A sweeping view of Rome is perfectly contained in the keyhole of a non-descript looking door on the Aventine Hill, neatly placing the dome of St. Peter's right in the center.
The doorway in question leads to the Priory of the Knights of Malta, the legendary crusader knights and religious order. Although the property has been in their hands for centuries, the site has seen many occupants. It originally held a fortified palace belonging to Alberico II, the ruler of Rome from 932-954, then becoming a benedictine monastery before passing first into the hands of the Knights Templar in the 1100s, then finally to their brothers in arms, the Knights of Malta in the 1400s.
The elegant building seen today is a small church known as Santa Maria del Priorato. It is the 18th-century handiwork of the famous architect and engraver Giovanni Battista Piranesi, also known for his romantic etchings depicting the city and his enigmatic and dark series of imaginary prisons (Carceri d'Invenzione). The architectural motifs in the building evoke ships and the sea, inspired by the longstanding tradition of the Aventine Hill being compared to a ship. The design also incorporates many esoteric and Masonic symbols. Piranesi was buried at the Priory after his death in 1778.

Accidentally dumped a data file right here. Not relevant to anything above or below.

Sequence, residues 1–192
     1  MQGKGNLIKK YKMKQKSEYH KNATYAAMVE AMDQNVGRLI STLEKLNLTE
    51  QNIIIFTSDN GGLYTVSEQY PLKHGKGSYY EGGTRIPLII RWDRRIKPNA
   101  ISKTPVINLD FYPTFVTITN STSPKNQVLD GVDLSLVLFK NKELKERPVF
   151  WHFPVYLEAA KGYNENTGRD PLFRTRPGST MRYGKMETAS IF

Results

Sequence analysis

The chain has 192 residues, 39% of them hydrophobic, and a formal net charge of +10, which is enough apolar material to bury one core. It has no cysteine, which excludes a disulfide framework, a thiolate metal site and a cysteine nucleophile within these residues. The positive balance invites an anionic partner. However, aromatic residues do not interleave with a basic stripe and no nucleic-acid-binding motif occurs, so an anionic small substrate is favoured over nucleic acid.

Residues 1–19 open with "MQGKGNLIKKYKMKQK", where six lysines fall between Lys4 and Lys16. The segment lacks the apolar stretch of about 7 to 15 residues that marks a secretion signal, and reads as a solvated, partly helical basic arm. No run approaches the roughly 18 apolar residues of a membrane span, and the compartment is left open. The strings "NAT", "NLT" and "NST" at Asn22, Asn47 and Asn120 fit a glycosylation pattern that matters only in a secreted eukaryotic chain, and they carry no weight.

The keyhole vista lines up perfectly with the garden, centered on the Vatican in the distance. No one seems to be able to say with certainty whether this was a beautifully planned peepshow, or just a lucky coincidence.
The gardens themselves can be viewed by appointment only.